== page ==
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Formation, Intention & Consideration notes

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Queensland University of Technology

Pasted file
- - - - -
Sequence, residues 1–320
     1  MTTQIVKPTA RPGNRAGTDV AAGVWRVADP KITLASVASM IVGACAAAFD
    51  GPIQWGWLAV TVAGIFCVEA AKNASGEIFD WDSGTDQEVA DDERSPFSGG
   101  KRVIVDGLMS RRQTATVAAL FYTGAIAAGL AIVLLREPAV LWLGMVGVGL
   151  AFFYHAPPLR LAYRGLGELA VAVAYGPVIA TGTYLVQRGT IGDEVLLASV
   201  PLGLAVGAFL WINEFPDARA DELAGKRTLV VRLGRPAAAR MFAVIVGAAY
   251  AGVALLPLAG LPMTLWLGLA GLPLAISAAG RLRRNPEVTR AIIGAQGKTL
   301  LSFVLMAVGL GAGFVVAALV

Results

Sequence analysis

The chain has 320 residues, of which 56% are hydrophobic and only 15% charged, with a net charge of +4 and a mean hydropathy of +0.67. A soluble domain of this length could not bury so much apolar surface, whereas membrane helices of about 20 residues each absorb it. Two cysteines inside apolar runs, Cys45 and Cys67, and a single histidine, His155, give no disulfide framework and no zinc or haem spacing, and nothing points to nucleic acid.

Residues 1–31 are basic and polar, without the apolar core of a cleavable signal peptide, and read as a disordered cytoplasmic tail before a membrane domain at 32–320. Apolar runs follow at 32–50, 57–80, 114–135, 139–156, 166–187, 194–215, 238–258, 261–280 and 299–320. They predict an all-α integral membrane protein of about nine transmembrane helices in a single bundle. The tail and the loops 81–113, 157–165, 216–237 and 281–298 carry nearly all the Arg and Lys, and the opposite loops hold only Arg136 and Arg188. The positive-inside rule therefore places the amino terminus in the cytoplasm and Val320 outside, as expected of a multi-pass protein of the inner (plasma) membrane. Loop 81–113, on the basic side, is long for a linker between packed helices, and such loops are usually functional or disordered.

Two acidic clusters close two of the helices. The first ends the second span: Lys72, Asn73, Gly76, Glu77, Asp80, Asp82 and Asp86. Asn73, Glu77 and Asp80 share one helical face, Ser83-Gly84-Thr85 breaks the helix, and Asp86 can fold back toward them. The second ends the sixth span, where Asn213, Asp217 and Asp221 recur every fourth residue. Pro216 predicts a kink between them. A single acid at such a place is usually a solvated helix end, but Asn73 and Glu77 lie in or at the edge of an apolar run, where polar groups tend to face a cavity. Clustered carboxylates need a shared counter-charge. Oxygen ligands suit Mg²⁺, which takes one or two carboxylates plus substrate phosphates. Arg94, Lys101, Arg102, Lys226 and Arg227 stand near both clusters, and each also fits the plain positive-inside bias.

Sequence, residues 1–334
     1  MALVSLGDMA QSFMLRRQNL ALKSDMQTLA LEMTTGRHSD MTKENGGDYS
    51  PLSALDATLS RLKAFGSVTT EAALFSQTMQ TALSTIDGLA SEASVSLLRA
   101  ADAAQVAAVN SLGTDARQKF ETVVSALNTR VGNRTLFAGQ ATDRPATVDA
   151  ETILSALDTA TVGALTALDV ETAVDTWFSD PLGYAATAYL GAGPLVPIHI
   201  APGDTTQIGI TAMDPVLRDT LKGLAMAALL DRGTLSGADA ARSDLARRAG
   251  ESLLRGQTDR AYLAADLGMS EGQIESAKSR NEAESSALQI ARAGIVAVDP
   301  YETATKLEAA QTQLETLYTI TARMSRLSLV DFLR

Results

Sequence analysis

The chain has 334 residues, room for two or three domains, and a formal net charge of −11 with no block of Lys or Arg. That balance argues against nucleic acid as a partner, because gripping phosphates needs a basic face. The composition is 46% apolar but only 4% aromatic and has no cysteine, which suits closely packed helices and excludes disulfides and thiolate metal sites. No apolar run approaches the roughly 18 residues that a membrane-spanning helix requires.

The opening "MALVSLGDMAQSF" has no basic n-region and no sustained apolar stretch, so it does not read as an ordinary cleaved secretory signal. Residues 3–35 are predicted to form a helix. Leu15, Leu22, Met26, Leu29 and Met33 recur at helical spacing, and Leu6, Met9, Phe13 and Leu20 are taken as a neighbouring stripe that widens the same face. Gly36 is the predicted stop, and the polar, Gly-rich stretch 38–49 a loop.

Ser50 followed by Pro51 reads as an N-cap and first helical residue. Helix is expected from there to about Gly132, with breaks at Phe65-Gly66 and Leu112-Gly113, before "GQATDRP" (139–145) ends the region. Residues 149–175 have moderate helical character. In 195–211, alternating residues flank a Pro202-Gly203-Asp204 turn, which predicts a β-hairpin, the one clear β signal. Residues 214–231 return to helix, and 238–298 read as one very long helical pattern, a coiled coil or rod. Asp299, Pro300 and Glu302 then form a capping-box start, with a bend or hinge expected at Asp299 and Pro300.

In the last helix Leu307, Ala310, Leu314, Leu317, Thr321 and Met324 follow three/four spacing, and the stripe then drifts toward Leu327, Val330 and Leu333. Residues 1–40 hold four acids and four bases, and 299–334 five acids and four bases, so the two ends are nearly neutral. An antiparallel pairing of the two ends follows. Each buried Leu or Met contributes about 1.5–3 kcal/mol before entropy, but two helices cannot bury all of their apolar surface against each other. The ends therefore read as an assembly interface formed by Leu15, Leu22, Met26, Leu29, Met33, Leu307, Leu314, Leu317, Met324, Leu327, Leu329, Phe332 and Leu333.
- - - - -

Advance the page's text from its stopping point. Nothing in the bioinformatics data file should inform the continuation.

LWB136 – Formation, Intention, Consideration Notes Formation (Offer & Acceptance) Offer Definition: The expression to another of a willingness to be bound by the stated terms Offeror  Person who makes the offer (Promisor) Offeree  Person who receives the offer (Promisee) Invitation to treat is not an offer. • Advertising in catalogue etc = invitation to treat (Grainer v Gough) • Goods displayed in shops (Pharmacutical v Boots Cash) Mere statement of price which someone would sell for is not an offer (Harvey v Facey) Court will determine whether ad is offer of invitation by examining likely effect on potential customer (Carlill) Offer can be made to whole world (Carlill) Offer is effective when and not until it is communicated to the offeree (Taylor v Laird) Standing offer can be withdrawn or revoked at any time prior to acceptance (Great Northern v Witham) Offer can be terminated at any time before it is accepted. Once accepted = irrevocable (Great Northern) In an option, offer cannot be terminated before option has expired (Goldsborough Mort v Quinn) Revocation of offer is ineffective until communicated to and received by the offeree (Byrne v Van Tienhoven) Unilateral offer cannot be withdrawn after promisee has started performing the necessary actions (Abbott v Lance) An offer must be accepted in the prescribed time or within a reasonable time (Ramsgate v Montefiore) • Reasonable time is a question of fact Offeree cannot accept an offer after notified of offeror’s death (Coulthart v Clememtson) If offree dies, representatives cannot accept offer of the offeree’s behalf (Reynolds v Atherton) Offer can be terminated by: 1. Withdrawl by offeror 2. Rejection by Offeree 3. Lapse of time 4. Failure of a condition subject to which the offer was made 5. Death. Acceptance Definition: The expression, by words OR conduct, of the assent to the terms of the offer in the manner prescribed or indicated by the offer. A person cannot accept an offer which has not been communicated (Taylor v Laird) To be valid acceptance: 1. Offeree must intend to accept terms of offer 2. Intention to accept must be communicated to offeror Counter-offer is not acceptance of original offer (Brogden v Metro) Inquiry is not acceptance (Jacques v McLean) Conditional assent is not acceptance (Masters v Cameron) “Subject to” = no binding contract until formal contract is executed Silence is not acceptance (Felthouse v Bindley) Offeror may waive need for acceptance to be communicated (Carlill) Postal acceptance rule will apply where it was within the contemplation of the parties that the post would be used (Adams v Lindsell) Certainty – Certainty and Completeness There is no legally binding contract unless what the partes agreed can be determined objectively with a reasonable degree of certainty (Scammel v Ouston) • However, law is anxious to uphold contract, so it will imply meanings to make a contract certain wherever it can (Hillas v Arcos) Agreements to agree can be enforceable if the terms are sufficiently certain (Coal Cliff v Sjihan) • Agreement to agree is otherwise incomplete (May v R) When terms are to be determined by a 3 party, contract is complete (Godecke v Kirwan) “Subject to finance” = agreement is certain (Meehan v Jones) Masters and Cameron 4 Categ
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